US Treasury Yields Dip Ahead of Next Week’s FOMC Rate Decision

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U.S. Treasury yields traded steady most of the session on Friday before ticking lower into the close. The price action was driven primarily by profit-taking and position-squaring ahead of next week's two-day U.S. Federal Reserve Monetary Policy meeting. At the end of the meeting on Wednesday, the Fed will release its latest interest rate decision, monetary policy statement and future projections.

The 2-year U.S. Treasury note settled lower at 2.804 percent. The benchmark 10-year U.S. Treasury note finished lower at 3.066 percent and the 30-year U.S. Treasury bond dipped to 3.203 percent.

On September 26, the Fed is widely expected to raise the federal funds rate by a quarter-point. This will push the funds target to 2 percent to 2.25 percent, where it last was more than 10 years ago.

During the meeting, members of the Federal Open Market Committee (FOMC) are expected to discuss how much more monetary tightening is necessary to keep the economy (and inflation) healthy.

U.S. Economic Reports

It was a light day on Friday as far as U.S. economic data was concerned. Flash Manufacturing PMI came in better-than-expected at 55.6, versus a 55.1 estimate and last month's 54.7 reading. Flash Services PMI was 52.9, below the 54.9 estimate. The previous month's reading was revised lower to 54.8.

The flash reading of IHS Markit's U.S. Composite PMI Output Index for September was 53.4, down from 54.7 last month and the lowest it has been in 17 months. The index takes into account data from the manufacturing and service indexes.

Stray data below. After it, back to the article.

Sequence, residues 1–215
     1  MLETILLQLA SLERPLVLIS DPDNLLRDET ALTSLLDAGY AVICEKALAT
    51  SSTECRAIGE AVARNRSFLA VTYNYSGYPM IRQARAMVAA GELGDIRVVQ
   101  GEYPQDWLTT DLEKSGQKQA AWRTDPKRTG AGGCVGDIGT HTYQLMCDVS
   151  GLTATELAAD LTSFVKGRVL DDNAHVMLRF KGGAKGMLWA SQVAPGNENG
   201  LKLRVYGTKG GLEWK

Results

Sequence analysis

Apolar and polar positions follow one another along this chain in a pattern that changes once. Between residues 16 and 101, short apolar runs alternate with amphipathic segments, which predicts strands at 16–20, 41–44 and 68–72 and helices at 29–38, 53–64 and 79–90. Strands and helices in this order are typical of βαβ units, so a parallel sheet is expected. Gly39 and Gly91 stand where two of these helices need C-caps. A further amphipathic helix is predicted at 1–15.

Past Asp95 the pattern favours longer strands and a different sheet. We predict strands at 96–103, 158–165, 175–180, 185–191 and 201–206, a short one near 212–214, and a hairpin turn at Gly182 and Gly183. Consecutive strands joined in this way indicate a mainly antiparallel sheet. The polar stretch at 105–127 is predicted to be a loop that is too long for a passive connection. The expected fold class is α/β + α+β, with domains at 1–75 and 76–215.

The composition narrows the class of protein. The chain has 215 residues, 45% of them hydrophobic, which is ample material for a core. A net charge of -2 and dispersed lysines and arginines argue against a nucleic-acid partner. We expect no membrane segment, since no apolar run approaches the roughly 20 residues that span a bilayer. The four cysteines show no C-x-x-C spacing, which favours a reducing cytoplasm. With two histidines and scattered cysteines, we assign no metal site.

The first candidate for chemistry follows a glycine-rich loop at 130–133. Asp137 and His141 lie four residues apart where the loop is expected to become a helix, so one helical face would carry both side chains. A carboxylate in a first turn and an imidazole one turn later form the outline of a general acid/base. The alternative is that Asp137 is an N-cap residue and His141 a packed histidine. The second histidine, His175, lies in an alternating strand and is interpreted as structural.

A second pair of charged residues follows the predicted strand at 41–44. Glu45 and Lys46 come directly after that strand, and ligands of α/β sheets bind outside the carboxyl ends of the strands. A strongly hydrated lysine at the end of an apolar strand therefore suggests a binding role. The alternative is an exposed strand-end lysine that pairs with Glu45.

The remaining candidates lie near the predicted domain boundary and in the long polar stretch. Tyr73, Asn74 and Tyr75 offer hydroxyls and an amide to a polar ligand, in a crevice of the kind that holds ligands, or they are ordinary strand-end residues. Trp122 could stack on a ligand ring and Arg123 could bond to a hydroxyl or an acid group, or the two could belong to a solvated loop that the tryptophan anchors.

"Output growth in the private sector fell in the latest month to its lowest in 17 months and future expectations hit the lowest point they have been at this year," IHS Markit said Friday.

IHS Markit said some of the slower growth in output could be attributed to Hurricane Florence, according to anecdotes. But new business growth rose and employment rose the most it has since May of 2015, the firm said.

IHS Markit also said that "average prices charged by private sector firms increased at the sharpest rate seen in the nine-year survey history." Manufacturers said metals prices also rose due to tariffs, the firm noted.

Chris Williamson, IHS Markit chief business economist, said in prepared remarks that the September results were "no surprise" given East Coast storms and said going into the fourth quarter, growth could accelerate.

"The escalation of trade wars, and the accompanying rise in prices, contributed to a darkening of the outlook, with business expectations for the year ahead dropping sharply during the month," he said.

This article was originally posted on FX Empire


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This article appears in: Investing , Bonds , US Markets
Referenced Symbols: SPX

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